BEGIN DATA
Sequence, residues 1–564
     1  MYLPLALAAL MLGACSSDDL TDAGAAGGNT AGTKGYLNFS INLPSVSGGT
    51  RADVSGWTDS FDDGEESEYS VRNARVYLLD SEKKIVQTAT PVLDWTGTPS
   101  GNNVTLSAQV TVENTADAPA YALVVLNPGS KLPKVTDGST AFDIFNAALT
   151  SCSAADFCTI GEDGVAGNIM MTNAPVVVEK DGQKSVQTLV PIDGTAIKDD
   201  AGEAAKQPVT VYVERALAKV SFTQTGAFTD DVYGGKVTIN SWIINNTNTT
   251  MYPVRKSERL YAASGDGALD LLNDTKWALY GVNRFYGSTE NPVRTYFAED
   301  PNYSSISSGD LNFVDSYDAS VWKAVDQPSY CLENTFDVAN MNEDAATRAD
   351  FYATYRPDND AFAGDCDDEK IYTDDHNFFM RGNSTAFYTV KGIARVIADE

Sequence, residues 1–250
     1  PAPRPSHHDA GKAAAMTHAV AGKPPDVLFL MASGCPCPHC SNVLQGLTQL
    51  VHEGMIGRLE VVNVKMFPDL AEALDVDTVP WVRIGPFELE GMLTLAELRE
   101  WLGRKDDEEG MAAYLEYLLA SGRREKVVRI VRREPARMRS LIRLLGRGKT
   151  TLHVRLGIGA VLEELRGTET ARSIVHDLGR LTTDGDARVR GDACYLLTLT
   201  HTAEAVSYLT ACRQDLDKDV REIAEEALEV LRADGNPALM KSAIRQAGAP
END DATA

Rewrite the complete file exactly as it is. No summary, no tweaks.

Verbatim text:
Sequence, residues 1–564
     1  MYLPLALAAL MLGACSSDDL TDAGAAGGNT AGTKGYLNFS INLPSVSGGT
    51  RADVSGWTDS FDDGEESEYS VRNARVYLLD SEKKIVQTAT PVLDWTGTPS
   101  GNNVTLSAQV TVENTADAPA YALVVLNPGS KLPKVTDGST AFDIFNAALT
   151  SCSAADFCTI GEDGVAGNIM MTNAPVVVEK DGQKSVQTLV PIDGTAIKDD
   201  AGEAAKQPVT VYVERALAKV SFTQTGAFTD DVYGGKVTIN SWIINNTNTT
   251  MYPVRKSERL YAASGDGALD LLNDTKWALY GVNRFYGSTE NPVRTYFAED
   301  PNYSSISSGD LNFVDSYDAS VWKAVDQPSY CLENTFDVAN MNEDAATRAD
   351  FYATYRPDND AFAGDCDDEK IYTDDHNFFM RGNSTAFYTV KGIARVIADE

Sequence, residues 1–250
     1  PAPRPSHHDA GKAAAMTHAV AGKPPDVLFL MASGCPCPHC SNVLQGLTQL
    51  VHEGMIGRLE VVNVKMFPDL AEALDVDTVP WVRIGPFELE GMLTLAELRE
   101  WLGRKDDEEG MAAYLEYLLA SGRREKVVRI VRREPARMRS LIRLLGRGKT
   151  TLHVRLGIGA VLEELRGTET ARSIVHDLGR LTTDGDARVR GDACYLLTLT
   201  HTAEAVSYLT ACRQDLDKDV REIAEEALEV LRADGNPALM KSAIRQAGAP